Congressional Republicans are manoeuvring to stop US president Donald Trump from levying harsh tariffs on steel and aluminium imports, arguing the move runs counter to the core of their economic agenda and could even cause political problems heading into the 2018 midterms.
"We are extremely worried about the consequences of a trade war and are urging the White House to not advance with this plan," AshLee Strong, a spokeswoman for House Speaker Paul Ryan said in a statement yesterday. "The new tax reform law has boosted the economy and we certainly don't want to jeopardise those gains."
Members of the House Ways and Means Committee were also circulating a letter arguing against the tariffs, and high-ranking Senate Republicans have voiced their opposition.
It's unclear whether the GOP pushback will have any effect on Trump, who surprised fellow Republicans Thursday when he announced tariffs of 25 per cent on steel imports and 10 per cent on aluminium imports. He has since dug in deeper on the plans, defending them in a string of posts on Twitter.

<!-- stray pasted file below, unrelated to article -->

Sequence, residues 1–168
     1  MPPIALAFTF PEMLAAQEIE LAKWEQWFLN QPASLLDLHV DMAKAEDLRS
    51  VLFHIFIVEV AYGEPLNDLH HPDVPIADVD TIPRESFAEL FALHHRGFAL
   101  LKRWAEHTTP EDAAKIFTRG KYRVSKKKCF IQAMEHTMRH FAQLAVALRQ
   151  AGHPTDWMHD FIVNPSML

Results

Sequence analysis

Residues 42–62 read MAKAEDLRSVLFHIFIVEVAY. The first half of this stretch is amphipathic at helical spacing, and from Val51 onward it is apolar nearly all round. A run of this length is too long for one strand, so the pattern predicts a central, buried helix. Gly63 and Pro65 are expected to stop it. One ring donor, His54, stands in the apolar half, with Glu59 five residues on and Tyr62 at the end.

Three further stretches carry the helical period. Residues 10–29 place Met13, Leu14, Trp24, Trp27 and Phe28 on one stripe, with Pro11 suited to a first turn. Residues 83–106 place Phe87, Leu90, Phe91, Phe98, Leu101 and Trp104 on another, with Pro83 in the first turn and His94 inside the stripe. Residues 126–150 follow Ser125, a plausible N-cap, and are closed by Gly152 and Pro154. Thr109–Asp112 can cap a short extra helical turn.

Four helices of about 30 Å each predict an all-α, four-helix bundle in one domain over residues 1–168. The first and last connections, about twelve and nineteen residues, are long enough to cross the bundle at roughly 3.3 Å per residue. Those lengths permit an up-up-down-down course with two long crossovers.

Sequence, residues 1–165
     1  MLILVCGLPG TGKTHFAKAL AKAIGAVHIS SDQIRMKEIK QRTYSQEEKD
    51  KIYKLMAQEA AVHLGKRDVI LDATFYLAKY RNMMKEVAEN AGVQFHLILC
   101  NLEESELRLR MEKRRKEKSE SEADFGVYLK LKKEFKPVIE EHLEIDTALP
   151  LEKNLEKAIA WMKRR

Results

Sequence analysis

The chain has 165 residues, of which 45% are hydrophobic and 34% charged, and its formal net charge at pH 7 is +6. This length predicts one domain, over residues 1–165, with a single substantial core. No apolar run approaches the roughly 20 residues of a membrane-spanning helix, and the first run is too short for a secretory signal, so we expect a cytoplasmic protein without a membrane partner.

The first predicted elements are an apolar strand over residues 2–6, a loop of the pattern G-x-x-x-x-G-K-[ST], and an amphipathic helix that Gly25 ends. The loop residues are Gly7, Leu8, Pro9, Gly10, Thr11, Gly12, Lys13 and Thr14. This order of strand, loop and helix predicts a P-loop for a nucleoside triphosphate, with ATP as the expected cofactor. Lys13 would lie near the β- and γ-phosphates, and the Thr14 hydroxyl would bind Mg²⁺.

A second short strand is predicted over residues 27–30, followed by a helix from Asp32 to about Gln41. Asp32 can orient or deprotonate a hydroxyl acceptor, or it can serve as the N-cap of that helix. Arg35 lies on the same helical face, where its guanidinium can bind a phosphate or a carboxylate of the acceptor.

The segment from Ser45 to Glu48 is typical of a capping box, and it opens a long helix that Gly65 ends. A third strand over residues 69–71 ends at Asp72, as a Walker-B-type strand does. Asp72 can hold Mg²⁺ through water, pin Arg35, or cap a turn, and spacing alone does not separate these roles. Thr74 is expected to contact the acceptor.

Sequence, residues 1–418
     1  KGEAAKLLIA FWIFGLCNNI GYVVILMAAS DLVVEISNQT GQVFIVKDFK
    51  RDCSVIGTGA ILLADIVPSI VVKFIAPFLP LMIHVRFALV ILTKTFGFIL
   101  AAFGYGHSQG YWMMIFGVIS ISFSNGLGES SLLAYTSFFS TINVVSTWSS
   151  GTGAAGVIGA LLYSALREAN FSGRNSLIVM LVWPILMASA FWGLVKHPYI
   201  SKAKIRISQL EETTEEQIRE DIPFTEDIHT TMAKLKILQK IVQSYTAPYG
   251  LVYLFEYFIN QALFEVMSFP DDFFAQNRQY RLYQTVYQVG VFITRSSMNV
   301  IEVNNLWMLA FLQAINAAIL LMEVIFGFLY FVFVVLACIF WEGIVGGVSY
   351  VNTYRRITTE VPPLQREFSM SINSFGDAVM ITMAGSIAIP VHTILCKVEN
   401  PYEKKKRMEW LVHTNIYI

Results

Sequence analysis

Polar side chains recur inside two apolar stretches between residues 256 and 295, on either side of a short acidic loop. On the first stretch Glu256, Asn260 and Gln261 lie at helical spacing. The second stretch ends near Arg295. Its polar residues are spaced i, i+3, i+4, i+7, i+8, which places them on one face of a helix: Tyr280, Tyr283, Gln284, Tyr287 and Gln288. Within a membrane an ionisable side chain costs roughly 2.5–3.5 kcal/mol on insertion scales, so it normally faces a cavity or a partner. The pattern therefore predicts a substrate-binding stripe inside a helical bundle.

For all of the controversies Trump has faced, the tariffs decision is one of few times he's taken a step that runs directly counter to Republicans' legislative and economic goals. Many Republicans have voiced concerns the move will undermine the US$1.5 trillion tax cut bill they passed in December.
They also said it could cause political problems ahead of 2018 midterms. Democrats hope to take back control of the House and Senate in November, while Republicans planned to run on an economic argument to defend their majorities.
But it's difficult to predict how far Republicans would go to stand up to Trump.
The tariff decision has not yet been finalised, but that's expected to happen in the next week or two. The goal of congressional Republicans is to keep that from happening; but if that fails, other options remain on the table, according to a congressional aide who spoke anonymously to discuss the private deliberations.
The Constitution gives Congress the authority over taxation and tariffs, but Congress has delegated trade negotiation and tariff authority to the president over recent decades. Congressional leaders believe that approach has worked well - until now.
A spokeswoman for House Ways and Means Committee Chairman Kevin Brady, said in a statement that "the administration and Congress must work together on trade policies that build off the momentum of the President's tax cuts, which is why any tariffs should be narrow, targeted, and focused on addressing unfairly traded products, without disrupting the flow of fairly traded products for American businesses and consumers."